1. “We are expecting our children to change the world and we aren’t giving them the skills to do it.” Champlain University President Don Laackman discussed how a radically pragmatic approach is needed in rethinking  how we educate.  To make our world a place, where children and learners of all ages can thrive, he suggested that connecting professional success with life’s purpose was one of the keys.

2. “We need to change our deficit oriented way of looking at the mental health of students.” In her keynote Lea Waters suggested  parents and educators need help to see and build strengths in children. When this happens it protects children against depression and anxiety, it increases self-confidence and life satisfaction, it buffers stress and anxiety, and it enhances self-efficacy. She included a reminder that it is our responsibility to educate not just children but also their parents about the strength-based approach.

3. “!t’s happiness stupid!” was Sir Anthony Seldon‘s  reminder to us to distinguish happiness from pleasure. Selden discussed the fourth education revolution pointing out that under the factory model of school we are not interested in who children are. that we are stronger together when we embrace the unknown, when we say goodbye to our binary ways of thinking, and when we get out of our own ways,

4. “Well-being is skill-based and learnable” according to Alejandro Adler. Investing in teacher well-being creates classrooms with a system of well-being which translates to advanced academic well-being, more pro-social behavior, and better health. His reminder that this begins with the educator was a key point.

5. “Optimism is the belief that our actions matteraccording to Amy Blankson who spoke on the intersection of education and technology. Blankson implored us to become balanced technology users learning to love technology and live with it not to escape from it. Recognizing that the average smartphone user checks 150 times a day is the first step, the is second putting the phone away. She shared that the mere presence of a phone is a happiness zapper. The power of a potential dopamine hit keeps us addicted and distracted while our brain is partially focused on the task at hand and partially waiting for additional content that is released every time we see notifications on our phone. This reward system is highly addictive we need to delete the temptations minimize notifications .
She reminded us with a great visual but our concerns are not new they are just different her for rules embrace a growth mindset about technology minimize distracting technology teach self-awareness set healthy boundaries to gather invisible boundaries until kids can self regulate

6. ” I believe wealth is not meant to create more wealth. Wealth is meant to create well-being.” Martin Seligman asked us to think about what are we going to do with human prosperity? Together Seligman and David Cooperrider envisioned new opportunities and possibilities for accelerating positive education.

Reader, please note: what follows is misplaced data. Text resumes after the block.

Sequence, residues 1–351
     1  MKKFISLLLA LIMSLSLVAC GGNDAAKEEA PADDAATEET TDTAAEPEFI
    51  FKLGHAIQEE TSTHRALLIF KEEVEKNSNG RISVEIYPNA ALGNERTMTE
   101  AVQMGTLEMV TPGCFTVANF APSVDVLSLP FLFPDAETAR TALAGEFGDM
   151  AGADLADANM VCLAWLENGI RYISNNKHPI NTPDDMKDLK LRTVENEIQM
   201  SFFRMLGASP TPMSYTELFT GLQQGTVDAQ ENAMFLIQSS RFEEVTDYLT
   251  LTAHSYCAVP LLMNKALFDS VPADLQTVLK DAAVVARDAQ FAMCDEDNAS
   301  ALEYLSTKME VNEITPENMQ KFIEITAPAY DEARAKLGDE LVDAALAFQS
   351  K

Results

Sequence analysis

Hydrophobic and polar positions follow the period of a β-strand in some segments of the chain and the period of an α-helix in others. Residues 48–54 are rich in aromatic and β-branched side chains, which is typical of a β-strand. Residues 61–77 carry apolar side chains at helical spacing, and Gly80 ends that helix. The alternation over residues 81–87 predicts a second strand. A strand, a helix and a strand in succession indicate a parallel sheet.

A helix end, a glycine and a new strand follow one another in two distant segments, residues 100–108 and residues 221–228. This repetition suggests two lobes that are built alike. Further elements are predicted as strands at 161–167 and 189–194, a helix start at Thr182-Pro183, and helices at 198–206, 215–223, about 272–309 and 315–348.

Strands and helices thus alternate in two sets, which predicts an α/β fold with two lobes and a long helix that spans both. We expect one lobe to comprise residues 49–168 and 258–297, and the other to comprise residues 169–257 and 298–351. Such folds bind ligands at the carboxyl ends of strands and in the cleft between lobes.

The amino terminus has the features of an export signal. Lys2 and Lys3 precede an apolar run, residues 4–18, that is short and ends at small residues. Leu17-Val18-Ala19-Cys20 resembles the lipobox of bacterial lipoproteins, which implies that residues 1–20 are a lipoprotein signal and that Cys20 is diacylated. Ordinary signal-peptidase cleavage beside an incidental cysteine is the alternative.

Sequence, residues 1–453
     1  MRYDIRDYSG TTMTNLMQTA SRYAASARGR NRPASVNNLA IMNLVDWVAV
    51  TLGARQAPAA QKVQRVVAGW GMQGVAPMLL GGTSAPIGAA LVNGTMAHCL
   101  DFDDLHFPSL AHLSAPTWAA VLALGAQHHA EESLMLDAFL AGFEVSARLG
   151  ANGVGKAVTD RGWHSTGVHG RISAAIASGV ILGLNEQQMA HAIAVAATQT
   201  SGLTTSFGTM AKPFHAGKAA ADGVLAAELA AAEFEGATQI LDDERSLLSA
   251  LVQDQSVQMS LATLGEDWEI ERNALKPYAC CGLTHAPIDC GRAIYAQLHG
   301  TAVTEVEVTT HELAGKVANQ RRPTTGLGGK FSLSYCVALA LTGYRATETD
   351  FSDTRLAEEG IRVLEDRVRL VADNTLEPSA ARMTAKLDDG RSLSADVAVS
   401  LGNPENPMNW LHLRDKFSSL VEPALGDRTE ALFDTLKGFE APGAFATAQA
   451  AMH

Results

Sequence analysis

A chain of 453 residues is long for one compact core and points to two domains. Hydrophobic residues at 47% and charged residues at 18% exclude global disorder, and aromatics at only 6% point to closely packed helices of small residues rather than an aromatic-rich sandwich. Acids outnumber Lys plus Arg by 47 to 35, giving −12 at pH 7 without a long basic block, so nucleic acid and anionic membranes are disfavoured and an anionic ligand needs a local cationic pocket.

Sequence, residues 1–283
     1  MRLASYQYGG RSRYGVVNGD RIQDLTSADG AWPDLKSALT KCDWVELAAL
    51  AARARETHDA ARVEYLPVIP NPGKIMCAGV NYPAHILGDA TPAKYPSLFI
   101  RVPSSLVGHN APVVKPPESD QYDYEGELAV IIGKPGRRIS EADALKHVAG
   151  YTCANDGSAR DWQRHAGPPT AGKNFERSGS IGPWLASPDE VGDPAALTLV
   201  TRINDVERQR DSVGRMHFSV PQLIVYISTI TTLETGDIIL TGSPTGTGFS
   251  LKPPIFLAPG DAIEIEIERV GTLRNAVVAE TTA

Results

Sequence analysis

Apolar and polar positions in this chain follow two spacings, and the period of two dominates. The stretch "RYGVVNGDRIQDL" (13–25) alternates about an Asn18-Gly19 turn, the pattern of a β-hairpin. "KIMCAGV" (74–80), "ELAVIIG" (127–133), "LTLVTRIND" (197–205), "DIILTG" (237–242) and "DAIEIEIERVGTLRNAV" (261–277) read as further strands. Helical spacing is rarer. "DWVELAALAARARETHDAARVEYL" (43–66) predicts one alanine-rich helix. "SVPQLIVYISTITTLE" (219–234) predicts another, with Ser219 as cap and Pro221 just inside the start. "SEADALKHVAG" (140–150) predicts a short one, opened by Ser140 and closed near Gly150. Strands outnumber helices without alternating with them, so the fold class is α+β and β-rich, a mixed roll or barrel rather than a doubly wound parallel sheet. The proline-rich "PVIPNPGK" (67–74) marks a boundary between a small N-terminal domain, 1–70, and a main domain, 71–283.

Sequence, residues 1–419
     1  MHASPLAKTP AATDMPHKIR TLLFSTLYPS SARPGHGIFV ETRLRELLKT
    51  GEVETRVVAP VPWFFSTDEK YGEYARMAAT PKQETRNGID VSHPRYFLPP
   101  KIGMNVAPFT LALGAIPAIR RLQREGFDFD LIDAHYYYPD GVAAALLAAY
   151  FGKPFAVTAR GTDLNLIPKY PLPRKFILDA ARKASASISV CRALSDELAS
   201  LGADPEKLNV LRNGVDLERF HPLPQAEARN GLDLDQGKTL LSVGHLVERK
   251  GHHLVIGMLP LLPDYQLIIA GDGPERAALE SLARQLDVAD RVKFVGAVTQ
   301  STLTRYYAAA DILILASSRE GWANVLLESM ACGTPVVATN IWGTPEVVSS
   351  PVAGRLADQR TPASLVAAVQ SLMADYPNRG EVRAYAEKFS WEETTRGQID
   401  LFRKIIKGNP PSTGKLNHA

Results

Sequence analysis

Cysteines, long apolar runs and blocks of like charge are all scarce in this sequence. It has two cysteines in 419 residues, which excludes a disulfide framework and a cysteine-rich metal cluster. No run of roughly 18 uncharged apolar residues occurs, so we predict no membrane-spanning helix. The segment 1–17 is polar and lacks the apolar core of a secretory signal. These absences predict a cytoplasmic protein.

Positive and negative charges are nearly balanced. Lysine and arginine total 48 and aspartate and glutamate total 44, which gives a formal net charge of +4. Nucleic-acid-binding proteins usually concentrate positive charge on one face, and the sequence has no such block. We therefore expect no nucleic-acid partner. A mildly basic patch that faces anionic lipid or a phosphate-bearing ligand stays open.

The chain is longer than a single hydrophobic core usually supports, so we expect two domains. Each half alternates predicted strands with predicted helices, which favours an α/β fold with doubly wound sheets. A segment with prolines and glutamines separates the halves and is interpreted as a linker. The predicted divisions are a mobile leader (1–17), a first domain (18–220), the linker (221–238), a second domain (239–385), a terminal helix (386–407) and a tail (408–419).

7. “The best person in the class to up the connection of curiosity is the student” according to Angela Duckworth who has launched a character lab at UPenn designed to help use psychological sciences to help people thrive. She uses the heart, mind, will. method of seeing strengths.

  • heart to give to and receive from others
  • mind to think imagining create
  • will to achieve your goals through optimism growth mindset and grit

Her lab hopes to answer the question is character born or earned? Using the science of goal-setting to help increase your results, Duckworth suggests her WOOP model in creating a path to a goal:

  1. wish for something
  2. identify and imagine outcomes
  3. identify and imagine obstacles
  4. form a plan

8. “Progress not perfection”  says David Cooperrider who compared planning to a jazz improvisation.  Cooperrider said the world of leadership design is about legacy; it’s not just crazy creative it’s also detailed execution.  To avoid constraints or see opportunities and to get more creative using the core question “how might we…?” to begin a conversation designed to creatively solve the problems of the world. He also sees a need to remove the barriers that keep students from moving forward and staying curious and joyful.

9. “The heliotropic principle reminds us that we move towards things that give us life” we need to activate the motivation of our children said Jacklyn Wong. Speaking from her personal experience of using positive education to transform Singapore as a city. “It’s the essence not the architecture that’s the difference between a house and a home. ” Wong is one of the keys to changing the way an organization uses positive psychology to give leaders, teams and individuals the tools-the house, but they need to make it a home themselves.

10. “To prepare young people for a changing world, we need to support them in their self-discovery and awareness and increase their empathy.” President of Universidad Tecmilenio, Hector Escamilla spoke passionately about 29 campuses across Mexico who redesigned their process to start from purpose. When education is connected to what matters to a student they go farther faster.